8 Ancient Writing Systems That Haven't Been Deciphered Yet
The Indus Valley civilization was one of the most advanced in the world for more than 500 years, with more than a thousand settlements sprawling across 250,000 square miles of what is now Pakistan and northwest India from 2600 BCE to 1900 BCE. It had several large, well-planned cities like Mohenjo-daro, common iconography—and a script no one has been able to understand.
Over at Nature, Andrew Robinson looks at the reasons why the Indus Valley script has been so difficult to crack, and details some recent attempts to decipher it. Since we don't know anything about the underlying language and there's no multilingual Rosetta stone, scholars have analyzed its structure for clues and compared it to other scripts. Most Indologists think it's "logo-syllabic" script like Sumerian cuneiform or Mayan glyphs. But they disagree about whether it was a spoken language or a full writing system; some believe it represented only part of an Indus language, Robinson writes.
One team has created the first publicly available, electronic corpus of Indus texts. Another, led by computer scientist Rajesh Rao, analyzed the randomness in the script's sequences. Their results indicated it's most similar to Sumerian cuneiform, which suggests it may represent a language. Read the full article for more details.
The Indus Valley script is far from the only one to remain mysterious. Here are eight others you might try your hand at deciphering.
1. Linear A
In 1893, British archaeologist Sir Arthur Evans purchased some ancient stones with mysterious inscriptions on them at a flea market in Athens. On a later trip to the excavations at Knossos on the island of Crete, he recognized one of the symbols from his stones and began a study of the engraved tablets being uncovered at various sites on the island. He discovered two different systems, which he called Linear A and Linear B. While Linear B was deciphered in the early 1950s (it turned out to represent an early form of Greek), Linear A, above, has still not been deciphered.
2. Cretan Hieroglyphics
The excavations on Crete also revealed a third type of writing system, with symbols that looked more picture-like than those of the linear scripts. Some of these symbols are similar to elements in Linear A. It is assumed that the hieroglyphic script developed into Linear A, though the two systems were both in use during the same time period.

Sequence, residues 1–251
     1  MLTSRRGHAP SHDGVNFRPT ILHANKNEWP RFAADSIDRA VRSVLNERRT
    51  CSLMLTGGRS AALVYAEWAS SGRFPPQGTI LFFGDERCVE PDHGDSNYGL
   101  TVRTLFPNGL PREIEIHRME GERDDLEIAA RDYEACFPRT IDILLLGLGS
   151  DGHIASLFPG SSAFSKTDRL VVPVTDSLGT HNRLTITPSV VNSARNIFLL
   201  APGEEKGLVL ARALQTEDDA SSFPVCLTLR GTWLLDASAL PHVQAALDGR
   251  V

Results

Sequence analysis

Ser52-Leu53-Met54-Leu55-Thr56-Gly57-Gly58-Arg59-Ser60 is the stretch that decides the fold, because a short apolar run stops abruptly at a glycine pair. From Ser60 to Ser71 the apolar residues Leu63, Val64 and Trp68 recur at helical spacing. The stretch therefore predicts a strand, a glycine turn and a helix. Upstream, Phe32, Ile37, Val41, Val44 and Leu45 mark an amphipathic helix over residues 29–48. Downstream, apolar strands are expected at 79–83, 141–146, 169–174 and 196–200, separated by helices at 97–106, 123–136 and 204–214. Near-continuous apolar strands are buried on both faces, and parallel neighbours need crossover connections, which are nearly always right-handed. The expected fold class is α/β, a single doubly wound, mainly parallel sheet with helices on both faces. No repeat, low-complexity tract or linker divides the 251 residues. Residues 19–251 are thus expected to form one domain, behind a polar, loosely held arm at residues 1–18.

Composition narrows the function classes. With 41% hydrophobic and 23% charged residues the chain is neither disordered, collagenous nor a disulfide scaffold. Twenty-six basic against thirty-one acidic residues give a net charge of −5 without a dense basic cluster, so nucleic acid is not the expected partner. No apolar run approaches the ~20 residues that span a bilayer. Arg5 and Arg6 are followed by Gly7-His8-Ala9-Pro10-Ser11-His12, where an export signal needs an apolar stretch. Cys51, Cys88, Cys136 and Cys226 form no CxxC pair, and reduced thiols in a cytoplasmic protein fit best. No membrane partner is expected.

3. Wadi el-Hol script
In the 1990s, a pair of Yale archaeologists discovered a graffiti-covered cliff wall at the Wadi el-Hol (Gulch of Terror) in Egypt. Most of the inscriptions were in systems they could recognize, but one of them was unfamiliar. It looks like an early transition from a hieroglyphic to an alphabetic system, but it hasn't yet been deciphered.
4. Sitovo inscription
In 1928 a group of woodcutters found some markings carved into a Bulgarian cliffside. They thought the marks indicated hidden treasure, but none was found. Word got around and soon some archaeologists had a look. Later, the head of the expedition was executed for being a secret agent for the Soviets in Bulgaria. One piece of evidence used against him was a strange coded message he had sent to Kiev—actually a copy of the cliffside inscription he had sent to colleagues for scholarly input. It is not clear what language the inscription represents. Thracian, Celtic, Sarmato-Alanian, and Slavic are some of the possibilities scholars have argued for. Another suggestion is that it's simply a natural rock formation.
5. Olmec writing
The Olmecs were an ancient Mexican civilization best known for the statues they left behind: the so-called "colossal heads." In 1999, their writing system was revealed when road builders unearthed an inscribed stone tablet. The tablet shows 62 symbols; some look like corn or bugs, and some are more abstract. It has been dated to 900 B.C., which would make it the oldest example of writing in the Western Hemisphere.
6. Singapore stone
There once was a giant engraved slab made of sandstone at the mouth of the Singapore River. It had been there for 700 years or so when, in 1819, workers uncovered it while clearing away jungle trees. A few scholars got a look at it before it was blown to bits in order to make space for a fort to protect the British settlements. The parts that didn’t end up in the river were eventually used for road gravel, though some fragments were saved. The script hasn't been deciphered, but there have been various suggestions for what language it might represent: ancient Ceylonese, Tamil, Kawi, Old Javanese, and Sanskrit.
When missionaries got to Easter Island in the 1860s, they found wooden tablets carved with symbols. They asked the Rapanui natives what the inscriptions meant, and were told that nobody knew anymore, since the Peruvians had killed off all the wise men. The Rapanui used the tablets as firewood or fishing reels, and by the end of the century they were nearly all gone. Rongorongo is written in alternating directions; you read a line from left to right, then turn the tablet 180 degrees and read the next line.
This ancient writing system was used more than 5000 years ago in what is now Iran. Written from right to left, the script is unlike any other ancient scripts; while the proto-Elamites appear to have borrowed the idea for a written language from their Mesopotamian contemporaries, they apparently invented their own symbols—and didn't bother to keep track of them in an organized way, proto-Elamite expert and Oxford University scholar Jacob Dahl told the BBC in 2012. Around that time, he and his Oxford colleagues asked for help from the public in deciphering proto-Elamite. They released high-quality images of clay tablets covered in Proto-Elamite, hoping that crowdsourcing could decode them. Now a collaboration involving several institutions, the project is ongoing.